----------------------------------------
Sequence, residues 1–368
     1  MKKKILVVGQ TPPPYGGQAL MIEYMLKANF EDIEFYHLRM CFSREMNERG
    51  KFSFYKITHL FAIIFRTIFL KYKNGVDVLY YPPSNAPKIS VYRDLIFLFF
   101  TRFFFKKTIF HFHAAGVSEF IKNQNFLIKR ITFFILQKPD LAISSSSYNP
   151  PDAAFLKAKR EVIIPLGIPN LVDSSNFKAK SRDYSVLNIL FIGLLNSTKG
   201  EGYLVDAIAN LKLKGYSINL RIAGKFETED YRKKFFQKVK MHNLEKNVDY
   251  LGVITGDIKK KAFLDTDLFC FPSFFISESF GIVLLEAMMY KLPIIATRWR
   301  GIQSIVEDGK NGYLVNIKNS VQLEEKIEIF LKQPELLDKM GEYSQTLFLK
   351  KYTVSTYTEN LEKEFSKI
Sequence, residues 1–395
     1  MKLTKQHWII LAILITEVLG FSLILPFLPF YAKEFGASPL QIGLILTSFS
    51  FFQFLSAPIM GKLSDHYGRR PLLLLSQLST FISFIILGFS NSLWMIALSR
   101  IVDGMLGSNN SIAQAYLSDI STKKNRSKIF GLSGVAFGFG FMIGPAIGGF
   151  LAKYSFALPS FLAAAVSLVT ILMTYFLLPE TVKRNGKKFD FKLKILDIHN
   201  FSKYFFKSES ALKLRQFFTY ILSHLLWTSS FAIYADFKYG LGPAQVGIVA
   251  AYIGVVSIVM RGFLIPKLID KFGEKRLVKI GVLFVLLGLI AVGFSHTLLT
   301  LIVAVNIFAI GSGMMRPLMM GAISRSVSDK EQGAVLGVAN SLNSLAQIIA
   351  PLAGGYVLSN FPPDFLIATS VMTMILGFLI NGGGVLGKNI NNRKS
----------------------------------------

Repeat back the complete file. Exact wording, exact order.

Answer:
Sequence, residues 1–368
     1  MKKKILVVGQ TPPPYGGQAL MIEYMLKANF EDIEFYHLRM CFSREMNERG
    51  KFSFYKITHL FAIIFRTIFL KYKNGVDVLY YPPSNAPKIS VYRDLIFLFF
   101  TRFFFKKTIF HFHAAGVSEF IKNQNFLIKR ITFFILQKPD LAISSSSYNP
   151  PDAAFLKAKR EVIIPLGIPN LVDSSNFKAK SRDYSVLNIL FIGLLNSTKG
   201  EGYLVDAIAN LKLKGYSINL RIAGKFETED YRKKFFQKVK MHNLEKNVDY
   251  LGVITGDIKK KAFLDTDLFC FPSFFISESF GIVLLEAMMY KLPIIATRWR
   301  GIQSIVEDGK NGYLVNIKNS VQLEEKIEIF LKQPELLDKM GEYSQTLFLK
   351  KYTVSTYTEN LEKEFSKI
Sequence, residues 1–395
     1  MKLTKQHWII LAILITEVLG FSLILPFLPF YAKEFGASPL QIGLILTSFS
    51  FFQFLSAPIM GKLSDHYGRR PLLLLSQLST FISFIILGFS NSLWMIALSR
   101  IVDGMLGSNN SIAQAYLSDI STKKNRSKIF GLSGVAFGFG FMIGPAIGGF
   151  LAKYSFALPS FLAAAVSLVT ILMTYFLLPE TVKRNGKKFD FKLKILDIHN
   201  FSKYFFKSES ALKLRQFFTY ILSHLLWTSS FAIYADFKYG LGPAQVGIVA
   251  AYIGVVSIVM RGFLIPKLID KFGEKRLVKI GVLFVLLGLI AVGFSHTLLT
   301  LIVAVNIFAI GSGMMRPLMM GAISRSVSDK EQGAVLGVAN SLNSLAQIIA
   351  PLAGGYVLSN FPPDFLIATS VMTMILGFLI NGGGVLGKNI NNRKS